How Technology Has Changed The Rules
Years ago, an email circulated around the Internet featuring an editorial spread that appeared in a 1955 home economics textbook, entitled “The Good Wife’s Guide.” This eyebrow- raising piece offers a glimpse into a “wife’s” role prior to the woman’s lib movement. Two of my favorite nuggets of wisdom and advice are as follows:
- Be a little gay and a little more interesting for him. His boring day may need a lift and one of your duties is to provide it.
- Arrange his pillow and offer to take off his shoes. Speak in a low, soothing and pleasant voice.
Holy crap. I’m so glad I was born in the late ‘60’s. I surely would have been incarcerated for spousal abuse if those were the mores of my day.
But, the article did get me thinking about how society and expectations change over time in all areas of our lives. In particular, with the explosion of digital technology, the hiring process has undergone a progressive movement of its own. So much of what has been traditionally “correct” regarding a job search and managing one’s career has morphed tremendously in just the past 10-15 years.
Here are my top 10 observations on the subject…
Yesterday — Resumes had to fit on a single page and were printed out on eggshell colored linen paper.
Today — Unless you have five years or less experience, your resume should be two pages long. Resumes are sent via email and hard copies are offered at in-person interviews. But, seriously, when’s the last time you saw linen paper?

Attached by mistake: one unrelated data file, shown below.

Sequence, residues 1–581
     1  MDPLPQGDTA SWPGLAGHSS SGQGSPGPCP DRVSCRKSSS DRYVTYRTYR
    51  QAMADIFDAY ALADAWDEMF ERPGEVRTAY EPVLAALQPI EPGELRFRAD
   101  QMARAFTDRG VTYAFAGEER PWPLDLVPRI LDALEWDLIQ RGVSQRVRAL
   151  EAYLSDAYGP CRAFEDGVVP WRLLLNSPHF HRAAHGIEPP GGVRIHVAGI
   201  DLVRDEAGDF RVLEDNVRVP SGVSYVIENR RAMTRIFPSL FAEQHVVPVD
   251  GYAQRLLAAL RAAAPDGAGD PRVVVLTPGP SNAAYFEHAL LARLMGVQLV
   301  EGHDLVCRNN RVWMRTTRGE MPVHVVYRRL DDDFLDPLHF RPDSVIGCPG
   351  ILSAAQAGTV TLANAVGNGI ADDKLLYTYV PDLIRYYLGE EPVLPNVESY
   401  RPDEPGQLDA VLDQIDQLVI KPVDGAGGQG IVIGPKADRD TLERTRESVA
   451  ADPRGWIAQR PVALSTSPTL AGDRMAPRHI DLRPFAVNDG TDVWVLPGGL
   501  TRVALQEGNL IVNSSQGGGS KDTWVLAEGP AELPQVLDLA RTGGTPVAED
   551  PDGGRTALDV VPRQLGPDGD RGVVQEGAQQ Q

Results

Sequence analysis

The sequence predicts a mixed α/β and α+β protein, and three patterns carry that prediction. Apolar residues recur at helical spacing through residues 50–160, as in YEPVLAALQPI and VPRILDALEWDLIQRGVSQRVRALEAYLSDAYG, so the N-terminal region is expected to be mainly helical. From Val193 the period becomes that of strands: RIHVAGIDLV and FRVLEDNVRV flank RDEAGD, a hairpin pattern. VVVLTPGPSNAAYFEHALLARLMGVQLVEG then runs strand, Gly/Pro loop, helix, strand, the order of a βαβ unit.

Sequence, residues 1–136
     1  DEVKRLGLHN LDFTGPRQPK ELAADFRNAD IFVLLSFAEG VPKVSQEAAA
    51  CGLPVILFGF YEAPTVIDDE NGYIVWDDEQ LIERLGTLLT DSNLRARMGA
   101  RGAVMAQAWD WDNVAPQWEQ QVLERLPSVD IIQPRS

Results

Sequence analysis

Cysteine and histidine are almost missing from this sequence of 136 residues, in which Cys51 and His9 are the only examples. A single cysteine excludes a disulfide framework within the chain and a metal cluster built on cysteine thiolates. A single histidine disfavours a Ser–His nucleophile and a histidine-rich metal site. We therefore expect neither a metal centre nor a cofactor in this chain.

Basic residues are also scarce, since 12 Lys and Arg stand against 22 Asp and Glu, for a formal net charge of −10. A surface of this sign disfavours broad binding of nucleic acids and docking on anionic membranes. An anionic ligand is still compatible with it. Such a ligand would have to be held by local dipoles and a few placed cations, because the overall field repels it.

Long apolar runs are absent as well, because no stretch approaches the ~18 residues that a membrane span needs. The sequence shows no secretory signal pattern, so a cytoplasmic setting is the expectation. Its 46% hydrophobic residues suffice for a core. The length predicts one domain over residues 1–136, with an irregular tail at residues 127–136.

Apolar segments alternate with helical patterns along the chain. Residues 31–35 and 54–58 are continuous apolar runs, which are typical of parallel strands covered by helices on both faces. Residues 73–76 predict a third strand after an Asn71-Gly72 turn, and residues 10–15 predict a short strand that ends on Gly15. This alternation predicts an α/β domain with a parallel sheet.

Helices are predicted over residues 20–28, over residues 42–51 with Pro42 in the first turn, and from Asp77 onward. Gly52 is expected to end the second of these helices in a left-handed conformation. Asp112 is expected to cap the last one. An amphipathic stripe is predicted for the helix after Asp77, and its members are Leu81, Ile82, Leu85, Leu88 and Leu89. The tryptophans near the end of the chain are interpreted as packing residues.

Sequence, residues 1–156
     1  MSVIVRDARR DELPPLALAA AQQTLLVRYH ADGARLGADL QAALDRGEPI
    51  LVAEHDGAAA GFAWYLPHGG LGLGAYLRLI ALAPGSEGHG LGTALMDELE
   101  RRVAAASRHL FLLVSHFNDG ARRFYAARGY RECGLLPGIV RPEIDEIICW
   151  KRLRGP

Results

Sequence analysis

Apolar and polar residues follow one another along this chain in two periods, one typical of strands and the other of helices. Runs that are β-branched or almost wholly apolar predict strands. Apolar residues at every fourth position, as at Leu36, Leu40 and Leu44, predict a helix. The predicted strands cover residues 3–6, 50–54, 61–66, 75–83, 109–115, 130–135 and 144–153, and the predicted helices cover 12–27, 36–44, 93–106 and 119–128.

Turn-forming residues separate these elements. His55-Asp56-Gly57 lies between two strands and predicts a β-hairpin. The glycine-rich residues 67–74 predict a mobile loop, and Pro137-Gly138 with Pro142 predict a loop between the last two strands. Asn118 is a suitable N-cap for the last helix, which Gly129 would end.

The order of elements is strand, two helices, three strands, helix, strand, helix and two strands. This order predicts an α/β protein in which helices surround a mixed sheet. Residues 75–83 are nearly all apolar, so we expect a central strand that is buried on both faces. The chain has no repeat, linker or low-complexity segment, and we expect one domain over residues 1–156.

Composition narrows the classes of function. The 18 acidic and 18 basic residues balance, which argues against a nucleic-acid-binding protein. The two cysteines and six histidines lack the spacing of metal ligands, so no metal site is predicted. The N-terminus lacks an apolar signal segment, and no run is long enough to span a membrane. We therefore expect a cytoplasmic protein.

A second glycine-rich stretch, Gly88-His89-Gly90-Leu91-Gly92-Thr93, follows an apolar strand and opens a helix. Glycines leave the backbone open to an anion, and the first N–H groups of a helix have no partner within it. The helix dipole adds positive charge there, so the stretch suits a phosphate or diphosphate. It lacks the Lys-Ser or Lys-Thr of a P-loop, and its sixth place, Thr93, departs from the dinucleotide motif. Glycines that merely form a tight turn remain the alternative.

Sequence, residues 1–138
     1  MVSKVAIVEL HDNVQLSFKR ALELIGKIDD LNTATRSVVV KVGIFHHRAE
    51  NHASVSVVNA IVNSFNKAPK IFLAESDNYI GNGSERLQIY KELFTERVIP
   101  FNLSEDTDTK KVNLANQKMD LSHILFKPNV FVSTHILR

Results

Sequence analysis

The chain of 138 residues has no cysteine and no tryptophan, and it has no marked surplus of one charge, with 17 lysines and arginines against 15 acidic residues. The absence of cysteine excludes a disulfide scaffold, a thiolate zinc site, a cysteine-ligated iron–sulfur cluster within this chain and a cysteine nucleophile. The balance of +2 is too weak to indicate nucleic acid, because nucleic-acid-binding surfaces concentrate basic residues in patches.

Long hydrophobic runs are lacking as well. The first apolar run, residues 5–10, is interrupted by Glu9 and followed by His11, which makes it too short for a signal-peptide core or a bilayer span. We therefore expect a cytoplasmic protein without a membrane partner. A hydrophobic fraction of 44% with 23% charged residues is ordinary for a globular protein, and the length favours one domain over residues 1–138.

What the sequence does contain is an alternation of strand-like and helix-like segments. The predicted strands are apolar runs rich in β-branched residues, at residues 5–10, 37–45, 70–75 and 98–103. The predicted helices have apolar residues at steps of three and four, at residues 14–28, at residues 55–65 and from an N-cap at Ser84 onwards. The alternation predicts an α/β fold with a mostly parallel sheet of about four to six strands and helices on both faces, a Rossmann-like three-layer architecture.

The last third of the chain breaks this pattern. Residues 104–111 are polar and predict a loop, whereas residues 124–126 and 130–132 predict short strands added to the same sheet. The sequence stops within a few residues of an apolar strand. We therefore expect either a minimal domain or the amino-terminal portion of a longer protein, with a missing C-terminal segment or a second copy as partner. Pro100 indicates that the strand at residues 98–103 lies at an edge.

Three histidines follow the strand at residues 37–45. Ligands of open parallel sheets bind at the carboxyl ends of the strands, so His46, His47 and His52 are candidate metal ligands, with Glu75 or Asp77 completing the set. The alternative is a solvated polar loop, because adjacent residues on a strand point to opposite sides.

Yesterday — One would never think of leaving a job after a year or less.
Today — With the ever-growing number of new players in technology and media, job-hopping has become much more prevalent. While many employers do not like this phenomenon, most understand that it is pervasive in the digital world.
Yesterday — An “Objective” at the top of your resume was the norm.
Today — Just like 40 is the new 30,“Executive Summaries” are the new “Objectives”.
Yesterday — A cover letter was mandatory.
Today — Emails and applicant tracking systems have replaced cover letters.
Yesterday — An interview would be conducted on a land line in one’s home or in the office behind closed doors.
Today — There are no offices. Everyone is in an open space. First interviews are held in makeshift “phone booths” using mobile devices, or Skyping in front of your home computer.
Yesterday — A thank you letter was carefully crafted and mailed on the same linen paper used for your resume.
Today — “Thank you” notes are sent via email, filled with abbreviated texting jargon. If the candidate is not interested in the job, he/she may not even bother to write a “thank you.” (I don’t condone this, I’m just telling it the way I see it.)
Yesterday — Including a picture on your resume was strange.
Today — While the same holds true, a picture on your LinkedIn page is expected and if it’s not there, one wonders what the problem is.
Yesterday — One would never go on an interview without wearing a suit.
Today — A suit on an interview can actually kill your chances of getting certain jobs.
Yesterday — If you were a graphic designer or Creative Director, it was not advised to provide links to an online portfolio. The Internet was too slow and nobody would take the time to link to a portfolio with heavy graphical elements.
Today — As the data pipes have gotten significantly larger, surfing through graphical sites is now a breeze and today’s designers are expected to have a digital portfolios and websites.
Yesterday — Everyone worked from centralized offices and companies did not hire if they didn’t have a physical space for employees.
Today — Remote offices are the norm as email, IM technology and Skype put the “v” in virtual hiring.
Jane Ashen Turkewitz is President and Chief Talent Officer of .comRecruiting, a firm with a focus on helping dot-com businesses/divisions find senior-level talent in sales, business development, marketing, PR, social media, editorial, media and account management. Her philosophy is simple: “It’s not just about making placements. It’s about building long term relationships, careers and human capital.”